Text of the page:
The storm slammed ashore near Yabucoa, Puerto Rico at 6:15 a.m. Wednesday as a Category 4 hurricane with 155 mph winds. It is the first Category 4 storm to directly strike the island since 1932.
“This is going to impact all of Puerto Rico with a force and violence that we haven’t seen for several generations,” Puerto Rican Gov. Ricardo Rosselló told the Associated Press. “We’re going to lose a lot of infrastructure in Puerto Rico. We’re going to have to rebuild.”
Eric Blake, a forecaster at the National Hurricane Center, tweeted Maria is the third Category 4 to strike the U.S. in the same season, following Harvey and Irma, which is “unprecedented in the modern era“.
The latest on Maria
At 11 a.m., Maria was positioned 25 miles west of San Juan, which reported sustained winds to 86 mph gusting to 110 mph around 7:30 a.m. before the wind sensor stopped transmitting data. The storm was churning to the northwest at 13 mph and should emerge off the coast of Puerto Rico by midday, but heavy rain and strong winds are likely to continue for many hours thereafter.
While winds continued to howl, inland rain was emerging as the most severe hazard as Wednesday morning wore on. Rivers on the island were rapidly rising, some reaching record levels in a matter of hours.
The National Weather Service in San Juan reported incredible rainfall rates up to 5 to 7 inches per hour.
Estimated rainfall totals in eastern Puerto Rico reached over 20 inches in many areas. A citizen weather observer in Trujillo Alto, just south of San Juan, reported 15.43 inches in the 24 hours ending at 7:40 a.m.
As the storm made landfall early Wednesday morning along the southeast coast of Puerto Rico, a National Ocean Service tide gauge at Yabucoa Harbor, Puerto Rico, reported a rise in water 5.3 feet above the normal high tide.
Wind reports became scarce by 8 a.m. as wind sensors and/or their transmission signals failed, but numerous locations clocked gusts over 110 mph.
In the hours leading up to and following landfall, the storm’s peak winds estimated by the National Hurricane Center had decreased some, from 175 to 140 mph, but it remained a powerful Category 4.
Effects in St. Croix
Early Wednesday morning, sustained winds reached 106 mph and gusts were reported up to 137 mph in St. Croix. Between 10 and 11 p.m. Tuesday, St. Croix’s airport on the southwest part of the island reported gusts up to 92 mph before the wind sensor stopped reporting.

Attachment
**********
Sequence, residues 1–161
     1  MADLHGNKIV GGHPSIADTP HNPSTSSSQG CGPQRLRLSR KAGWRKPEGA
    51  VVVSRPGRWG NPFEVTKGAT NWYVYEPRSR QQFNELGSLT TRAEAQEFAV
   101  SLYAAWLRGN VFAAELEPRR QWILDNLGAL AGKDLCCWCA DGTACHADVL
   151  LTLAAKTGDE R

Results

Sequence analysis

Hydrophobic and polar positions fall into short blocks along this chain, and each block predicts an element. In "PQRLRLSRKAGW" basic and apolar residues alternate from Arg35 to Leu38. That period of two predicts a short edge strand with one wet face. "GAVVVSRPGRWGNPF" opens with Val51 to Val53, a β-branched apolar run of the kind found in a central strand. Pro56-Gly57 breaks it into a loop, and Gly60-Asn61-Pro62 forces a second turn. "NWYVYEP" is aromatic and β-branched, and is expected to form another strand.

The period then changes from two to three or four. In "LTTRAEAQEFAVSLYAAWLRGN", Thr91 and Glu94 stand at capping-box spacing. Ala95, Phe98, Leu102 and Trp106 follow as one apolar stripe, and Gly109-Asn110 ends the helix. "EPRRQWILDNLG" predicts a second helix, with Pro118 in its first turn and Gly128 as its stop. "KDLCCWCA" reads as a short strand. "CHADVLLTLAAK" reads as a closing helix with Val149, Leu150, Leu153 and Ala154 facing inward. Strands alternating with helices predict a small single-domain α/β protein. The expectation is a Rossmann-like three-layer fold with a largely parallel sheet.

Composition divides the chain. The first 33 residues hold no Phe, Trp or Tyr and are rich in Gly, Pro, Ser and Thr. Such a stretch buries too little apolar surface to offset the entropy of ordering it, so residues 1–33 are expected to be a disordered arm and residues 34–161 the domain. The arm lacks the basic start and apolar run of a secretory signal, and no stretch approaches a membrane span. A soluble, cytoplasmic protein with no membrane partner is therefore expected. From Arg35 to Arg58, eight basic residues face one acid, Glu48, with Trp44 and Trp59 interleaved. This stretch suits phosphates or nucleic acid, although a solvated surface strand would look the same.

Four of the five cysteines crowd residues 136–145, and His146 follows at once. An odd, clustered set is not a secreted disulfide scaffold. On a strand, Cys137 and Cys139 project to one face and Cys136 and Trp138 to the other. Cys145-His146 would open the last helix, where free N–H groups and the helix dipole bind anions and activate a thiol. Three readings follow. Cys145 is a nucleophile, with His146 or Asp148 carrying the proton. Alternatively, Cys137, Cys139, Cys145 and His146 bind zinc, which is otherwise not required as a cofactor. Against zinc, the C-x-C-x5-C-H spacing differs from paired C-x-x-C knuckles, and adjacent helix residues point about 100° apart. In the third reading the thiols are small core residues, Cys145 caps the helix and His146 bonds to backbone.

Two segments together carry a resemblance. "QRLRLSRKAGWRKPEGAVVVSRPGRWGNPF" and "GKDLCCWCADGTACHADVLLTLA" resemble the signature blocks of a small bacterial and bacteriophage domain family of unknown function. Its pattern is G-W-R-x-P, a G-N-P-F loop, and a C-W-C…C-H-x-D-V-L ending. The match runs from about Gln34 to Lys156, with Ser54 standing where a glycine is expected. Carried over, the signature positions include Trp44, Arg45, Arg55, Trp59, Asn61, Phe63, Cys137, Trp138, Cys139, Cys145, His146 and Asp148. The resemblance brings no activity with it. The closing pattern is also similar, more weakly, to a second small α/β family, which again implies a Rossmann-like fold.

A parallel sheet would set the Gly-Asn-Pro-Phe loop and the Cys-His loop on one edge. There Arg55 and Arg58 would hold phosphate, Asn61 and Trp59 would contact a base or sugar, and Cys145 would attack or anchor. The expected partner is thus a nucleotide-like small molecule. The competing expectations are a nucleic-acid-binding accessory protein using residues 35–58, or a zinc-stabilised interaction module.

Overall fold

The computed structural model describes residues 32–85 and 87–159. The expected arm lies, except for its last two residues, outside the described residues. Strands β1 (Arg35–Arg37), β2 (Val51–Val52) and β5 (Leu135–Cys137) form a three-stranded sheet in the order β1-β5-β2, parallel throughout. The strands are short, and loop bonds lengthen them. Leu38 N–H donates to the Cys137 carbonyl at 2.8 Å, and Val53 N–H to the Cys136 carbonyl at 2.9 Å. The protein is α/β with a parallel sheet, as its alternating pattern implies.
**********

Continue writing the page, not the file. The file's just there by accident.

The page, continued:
While St. Croix was hard hit, the storm’s inner eyewall containing its most violent winds just missed to the south – sparing the island the worst of its fury.
While the core of Maria will progress offshore by Wednesday afternoon, Puerto Rico can expect extreme torrential rain and strong winds well into the day Wednesday, perhaps into the evening.
The effects forecast by the National Weather Service over Puerto Rico and the U.S. Virgin Islands are dire, and its warning statement carries an apocalyptic tone.
It says to expect “catastrophic damage” from winds, including “structural damage to sturdy buildings, some with complete roof and wall failures.” It warns that “severe injury is possible in less than a strong structure” and that “locations may be uninhabitable for weeks or months”
It also predicts rainfall amounts of 12 to 18 inches, with isolated totals exceeding 25 inches. The Hurricane Center had warned that the rain may “prompt numerous evacuations and rescues” and “enter numerous structures within multiple communities,” adding that streets and parking lots may “become rivers of raging water” and warns some structures will become “uninhabitable or washed away.”
Along the coast, the Weather Service describes”extensive impacts” from a “life-threatening” storm surge at the coast, reaching 6 to 9 feet above normally dry land. The highest storm surge is likely to occur just north and northeast of where the center makes landfall, which could target southeast Puerto Rico.
In the areas hit hardest by storm surge, the Weather Service describes these effects: “Large areas of deep inundation with storm surge flooding accentuated by battering waves. Structural damage to buildings, with several washing away. Damage compounded by floating debris. Locations may be uninhabitable for an extended period.”